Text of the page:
Sighting in the X5L’s green laser at twenty-five yards took about five shots. My iron sights were a bit more problematic, but they came around with minor mechanical adjustments and some creative verbal coaxing.
The finished product is neither a work of art nor too damned ugly. It is heavy by .22LR standards, but it is very robust and more closely emulates the feel of a full-sized tactical carbine. The economical ammunition situation means practice is more affordable. Low noise and low recoil of the cheaper feed makes first-time laser users more comfortable. Students can concentrate on the fundamentals instead of learning to flinch. Overall it does its intended job quite well.
My friend Brandon practices move and fire technique with laser-equipped 10/22.
The photographic talents of Oleg Volk are beyond compare.
Here he makes me look less like Wilford Brimley and more like Wilford Brimley’s evil twin.
You get what you pay for…….
If you have an interesting firearms application of a Viridian laser and you would like to share it with our readers please contact me at firstname.lastname@example.org I’d like to see just what you’ve cooked-up.
Is a writer as well as an independent consultant on the lawful use of lethal force. As the director of Asymmetric Warfare Studies Group since 2002, Bret has worked as a consultant for Viridian Green Laser, the DoD, DoE, HUD, and DHS.
Bret’s work in body armor design, safety equipment design and public safety training goes back to the early 1980s and his consultant relationships with Silent Partner/Solutions Inc, ROBBEC Inc and a few friendly foreign agencies. Bret is currently looking for other consulting opportunities and has no business relationship with Viridian other than as a reseller of some of their products at this time.
The 9mm KelTec PF9 and Viridian Laser C5L as a Concealed Carry Combo or Confessions of an Ageing, Bifocaled Gunslinger
By Bret Rivers, photos by Oleg Volk
My HK P7 pistol and I have been business partners for over 25 years. We’ve even gone on vacation together. My P7 was right in front of me in a half dozen exchanges with hostiles and it was at my side when I gave away my daughter on her wedding day.
I started spending less time with my P7 about four years ago when I started consulting part time for the guys who make the Viridian green laser. Lured by the Viridian’s ability to compensate for my ageing eyes, I started hanging around larger, newer handgun models. The more voluptuous Springfield XDs and the Glocks filled my hand with higher capacity magazine wells and they had those sexy rails for adventurous accessories, like lasers.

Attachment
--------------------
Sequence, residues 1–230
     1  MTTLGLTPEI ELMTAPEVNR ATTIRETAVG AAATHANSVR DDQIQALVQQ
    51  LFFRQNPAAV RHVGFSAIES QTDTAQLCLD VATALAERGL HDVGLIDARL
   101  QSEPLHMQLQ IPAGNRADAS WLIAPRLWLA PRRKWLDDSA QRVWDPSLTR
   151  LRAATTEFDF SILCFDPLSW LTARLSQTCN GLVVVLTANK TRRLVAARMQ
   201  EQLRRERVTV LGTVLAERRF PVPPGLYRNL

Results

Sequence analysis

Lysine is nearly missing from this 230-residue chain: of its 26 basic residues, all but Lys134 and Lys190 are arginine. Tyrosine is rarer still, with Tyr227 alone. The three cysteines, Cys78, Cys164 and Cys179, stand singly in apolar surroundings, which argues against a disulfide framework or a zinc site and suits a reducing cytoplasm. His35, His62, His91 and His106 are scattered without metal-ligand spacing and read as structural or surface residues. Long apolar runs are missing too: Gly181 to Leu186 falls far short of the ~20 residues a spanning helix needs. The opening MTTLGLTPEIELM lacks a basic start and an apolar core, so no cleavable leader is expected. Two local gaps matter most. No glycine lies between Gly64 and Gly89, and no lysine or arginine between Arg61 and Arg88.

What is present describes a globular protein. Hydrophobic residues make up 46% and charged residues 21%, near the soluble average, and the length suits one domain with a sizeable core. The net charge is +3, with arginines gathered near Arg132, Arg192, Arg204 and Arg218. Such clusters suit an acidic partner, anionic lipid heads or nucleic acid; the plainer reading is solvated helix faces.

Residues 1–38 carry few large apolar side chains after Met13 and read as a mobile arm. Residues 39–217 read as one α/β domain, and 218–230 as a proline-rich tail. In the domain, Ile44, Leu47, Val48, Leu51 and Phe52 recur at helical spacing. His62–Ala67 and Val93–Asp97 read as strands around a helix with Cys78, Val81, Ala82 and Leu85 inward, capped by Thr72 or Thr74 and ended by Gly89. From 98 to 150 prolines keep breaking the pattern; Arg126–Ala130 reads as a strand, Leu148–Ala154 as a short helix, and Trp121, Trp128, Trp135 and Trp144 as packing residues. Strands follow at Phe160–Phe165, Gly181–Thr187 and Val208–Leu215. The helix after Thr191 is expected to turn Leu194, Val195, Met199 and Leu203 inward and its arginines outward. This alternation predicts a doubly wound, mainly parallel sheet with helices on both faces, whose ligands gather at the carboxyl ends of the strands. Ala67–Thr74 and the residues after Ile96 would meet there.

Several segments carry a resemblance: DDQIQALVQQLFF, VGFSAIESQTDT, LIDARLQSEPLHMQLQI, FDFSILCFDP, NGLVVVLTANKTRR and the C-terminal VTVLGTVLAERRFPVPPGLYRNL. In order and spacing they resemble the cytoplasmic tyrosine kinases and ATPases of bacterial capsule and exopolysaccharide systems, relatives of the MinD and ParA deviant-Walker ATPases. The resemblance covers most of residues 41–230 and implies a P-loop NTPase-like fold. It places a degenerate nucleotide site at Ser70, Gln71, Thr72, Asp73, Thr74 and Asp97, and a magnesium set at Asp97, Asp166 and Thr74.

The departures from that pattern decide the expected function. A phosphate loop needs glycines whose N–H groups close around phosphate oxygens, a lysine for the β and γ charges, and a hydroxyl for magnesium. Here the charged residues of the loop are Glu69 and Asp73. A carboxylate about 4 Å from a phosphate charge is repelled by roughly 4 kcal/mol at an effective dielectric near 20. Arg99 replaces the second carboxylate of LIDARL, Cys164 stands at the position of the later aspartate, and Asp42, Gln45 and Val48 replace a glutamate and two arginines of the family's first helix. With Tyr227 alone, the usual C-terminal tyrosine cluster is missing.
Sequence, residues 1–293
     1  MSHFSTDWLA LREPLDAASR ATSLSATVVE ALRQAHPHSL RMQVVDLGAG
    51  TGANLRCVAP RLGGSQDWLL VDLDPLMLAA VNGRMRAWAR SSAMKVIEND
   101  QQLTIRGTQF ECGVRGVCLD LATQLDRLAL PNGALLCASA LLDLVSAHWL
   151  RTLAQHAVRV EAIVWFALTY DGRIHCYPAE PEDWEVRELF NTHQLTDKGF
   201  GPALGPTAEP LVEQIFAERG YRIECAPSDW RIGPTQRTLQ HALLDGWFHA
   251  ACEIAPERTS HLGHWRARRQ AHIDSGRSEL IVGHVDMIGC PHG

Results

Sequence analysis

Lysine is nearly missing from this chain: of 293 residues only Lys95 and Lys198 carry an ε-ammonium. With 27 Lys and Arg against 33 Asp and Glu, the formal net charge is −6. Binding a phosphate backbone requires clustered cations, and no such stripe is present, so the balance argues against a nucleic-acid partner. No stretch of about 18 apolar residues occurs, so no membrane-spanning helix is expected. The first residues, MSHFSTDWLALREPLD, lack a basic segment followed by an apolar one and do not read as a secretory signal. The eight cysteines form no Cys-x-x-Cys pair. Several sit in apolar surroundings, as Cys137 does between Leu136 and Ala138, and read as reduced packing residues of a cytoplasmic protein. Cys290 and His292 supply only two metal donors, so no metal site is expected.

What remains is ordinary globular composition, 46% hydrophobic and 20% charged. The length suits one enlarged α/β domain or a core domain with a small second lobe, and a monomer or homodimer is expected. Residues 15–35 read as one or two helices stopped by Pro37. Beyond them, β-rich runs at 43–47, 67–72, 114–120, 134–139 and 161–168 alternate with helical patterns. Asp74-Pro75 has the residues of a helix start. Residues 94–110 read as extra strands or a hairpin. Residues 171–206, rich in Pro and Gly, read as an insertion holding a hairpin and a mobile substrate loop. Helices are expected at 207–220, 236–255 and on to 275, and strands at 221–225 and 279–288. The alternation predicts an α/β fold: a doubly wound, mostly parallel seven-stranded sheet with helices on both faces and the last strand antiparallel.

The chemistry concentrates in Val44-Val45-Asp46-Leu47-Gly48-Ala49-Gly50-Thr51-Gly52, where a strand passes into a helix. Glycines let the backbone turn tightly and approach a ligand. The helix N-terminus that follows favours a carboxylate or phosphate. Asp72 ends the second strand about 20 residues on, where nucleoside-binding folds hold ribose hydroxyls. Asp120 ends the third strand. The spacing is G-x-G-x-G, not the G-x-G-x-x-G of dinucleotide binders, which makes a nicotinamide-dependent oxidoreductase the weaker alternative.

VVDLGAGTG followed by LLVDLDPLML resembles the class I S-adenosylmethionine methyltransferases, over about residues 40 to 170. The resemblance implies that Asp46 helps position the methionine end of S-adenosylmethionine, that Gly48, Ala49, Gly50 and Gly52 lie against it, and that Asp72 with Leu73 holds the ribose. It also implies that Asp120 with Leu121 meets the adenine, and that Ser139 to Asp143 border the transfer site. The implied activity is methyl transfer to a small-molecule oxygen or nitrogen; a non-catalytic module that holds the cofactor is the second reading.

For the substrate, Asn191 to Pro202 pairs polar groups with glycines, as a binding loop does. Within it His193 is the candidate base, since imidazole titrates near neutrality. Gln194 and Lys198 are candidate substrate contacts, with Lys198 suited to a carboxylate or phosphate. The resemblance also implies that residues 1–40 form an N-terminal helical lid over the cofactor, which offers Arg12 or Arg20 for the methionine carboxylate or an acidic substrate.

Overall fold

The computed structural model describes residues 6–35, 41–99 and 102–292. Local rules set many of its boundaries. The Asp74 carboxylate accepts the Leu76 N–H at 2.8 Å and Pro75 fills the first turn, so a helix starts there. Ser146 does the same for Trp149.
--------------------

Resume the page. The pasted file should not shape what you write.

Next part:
My newfound taste for the more endowed pistols started affecting how I dressed. Suddenly I spent more time wearing vests or maybe a jacket. When it was too hot for a vest I carried my briefcase or a Maxpedition shoulder bag, just to keep company with the railed crowd.
When I truly desired to pack light I found myself torn. Do I take the old reliable P7 with no green laser, or do I settle for carrying a Walther P22 with the Viridian? I am ashamed to tell my friends that I sometimes opted for a .22LR pistol when I should have had my 9mm.
I was ready to seek professional counseling. I actually gathered up all of my Viridian-equipped pistols and my trusted P7. I put all of them and their loaded spare magazines into my vest with the most pockets and I drove down to the mental health clinic. I knew that I needed help and I was determined to get the best for me and my guns!
The sign on the front door of the clinic read, “firearms prohibited”. All hope seemed dashed. What kind of so-called mental health organization posts phobic buzz phraseology like that on its front doors? I found it very unprofessional.
My life was going into a tail spin. I couldn’t sleep at night. I cut back on my consumption of red meat. I had almost stopped listening to right wing talk radio, when a friend emailed a photograph to me; it was of a new KelTec PF9 railed compact pistol with a Viridian C5L compact laser attached.
As if Moses himself parted the sea of red tape I acquired a C5L through my friends at Viridian and another friend in the industry hooked me up with a KelTec PF9 at a reasonable price and in record time. Instantly I found several advantages of the KelTec’s lightweight materials and advanced design ideas.
In profile the P7 and the PF9 do not seem too far apart. Although I love the 2.5 pound trigger of the P7, its weight and lack of a rail reduce it to a second-best for concealed carry in my case.
Viewed from the top both pistols are slim by most standards. The shorter PF9 lends itself to more ways of unnoticed carry.
Taking the KelTec PF9 to the range I discovered that zeroing the C5L was as easy as previous Viridian designs. Accuracy at reasonable close ranges and was better than I had expected.
Although felt recoil was expectedly heavier from the lighter PF9, it was quite controllable making follow-up shots no problem. In full daylight I can use the Viridian laser out to about 25 to 30 yards with no problem. I found the PF9/C5L combo able to hit any 6 inch or larger target within the range of the green laser.
Overall, I’m a happy old gunslinger. HK snobs may disagree with my choice of a domestic peasant pistol over the legendary P7. My security needs have changed as I have advanced in age. I am smart enough to know when to change my gear to fit my needs instead of clinging to an outdated relic of a past when I had to carry a bit heavy. If any USP yuppie wants to look down his nose at my KelTec/Viridian combo, let him come back to me when he turns 60 and I’ll see if he still feels the same way.
At my advanced age my eyes are not as quick to acquire a hostile target with standard pistol sights. Diabetic neuropathy has slowed my walk and my reaction times. A daylight visible Viridian laser helps even the odds for an old man.
The slim and lightweight PF9 does not print when carried in a shirt pocket, but it gives any bad guy a reason to back down in a confrontation.